Atopic dermatitis: an expanding therapeutic pipeline for a complex disease

Our founder, Prof. Thomas Bieber, published an important contribution in the treatment of AD:

Atopic dermatitis (AD) is a common chronic inflammatory skin disease with a complex pathophysiology that underlies a wide spectrum of clinical phenotypes. AD remains challenging to treat owing to the limited response to available therapies. However, recent advances in understanding of disease mechanisms have led to the discovery of novel potential therapeutic targets and drug candidates

In addition to regulatory approval for the IL-4Ra inhibitor dupilumab, the anti-IL-13 inhibitor tralokinumab and the JAK1/2 inhibitor baricitinib in Europe, there are now more than 70 new compounds in development. This Review assesses the various strategies and novel agents currently being investigated for AD and highlights the potential for a precision medicine approach to enable prevention and more effective long-term control of this complex disease.

read more…

Kühne-Foundation Annual Report 2020

“Key priority of the Kühne Foundation is the support for training, further education as well as research and science in the area of logistics. This also includes Humanitarian Logistics and a project concentrating on free global trade.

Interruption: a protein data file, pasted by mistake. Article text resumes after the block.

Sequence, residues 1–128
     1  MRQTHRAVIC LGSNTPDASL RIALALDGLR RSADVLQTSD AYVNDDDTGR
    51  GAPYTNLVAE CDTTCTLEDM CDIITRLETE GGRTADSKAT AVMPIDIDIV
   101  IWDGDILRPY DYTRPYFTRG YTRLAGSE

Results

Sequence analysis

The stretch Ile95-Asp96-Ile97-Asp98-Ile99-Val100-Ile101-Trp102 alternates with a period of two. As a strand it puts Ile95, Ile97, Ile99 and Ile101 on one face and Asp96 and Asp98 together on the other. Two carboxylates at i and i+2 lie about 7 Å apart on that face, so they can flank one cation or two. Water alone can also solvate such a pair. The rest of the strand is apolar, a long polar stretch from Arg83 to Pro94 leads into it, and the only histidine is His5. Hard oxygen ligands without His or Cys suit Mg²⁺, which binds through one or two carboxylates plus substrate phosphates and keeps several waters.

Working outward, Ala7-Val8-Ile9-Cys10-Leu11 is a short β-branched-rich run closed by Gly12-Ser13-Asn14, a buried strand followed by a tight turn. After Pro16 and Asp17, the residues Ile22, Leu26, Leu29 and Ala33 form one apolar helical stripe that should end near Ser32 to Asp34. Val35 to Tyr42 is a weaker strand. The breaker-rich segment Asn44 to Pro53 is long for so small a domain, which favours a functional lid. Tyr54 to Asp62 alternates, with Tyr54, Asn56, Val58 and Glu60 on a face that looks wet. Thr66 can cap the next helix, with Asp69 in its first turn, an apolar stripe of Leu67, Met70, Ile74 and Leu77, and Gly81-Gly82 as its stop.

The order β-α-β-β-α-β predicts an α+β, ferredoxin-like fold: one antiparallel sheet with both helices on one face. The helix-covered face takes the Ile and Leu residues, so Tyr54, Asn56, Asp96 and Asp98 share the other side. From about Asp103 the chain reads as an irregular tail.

Another focal point is our medicine funding through research, therapy, and education in the fields of allergology and cardiology. In Davos, Switzerland, we operate the Hochgebirgsklinik, a renowed rehabilitation hospital owned by us, and various research institutions. In the cultural sector, we support leading opera houses and concert halls and belong to the main sponsors of the Salzburg Festival and Lucerne Festival.”

Prof. Dr. h.c. Klaus-Michael Kühne

Covid-19 risk increases with airborne pollen

When airborne pollen levels are higher, increased SARS-CoV-2 infection rates can be observed. These results were determined by a large-scale study conducted by an international team headed by researchers at the Technical University of Munich (TUM) and the Helmholtz Zentrum München. Members of high-risk groups could protect themselves by watching pollen forecasts and wearing dust filter masks.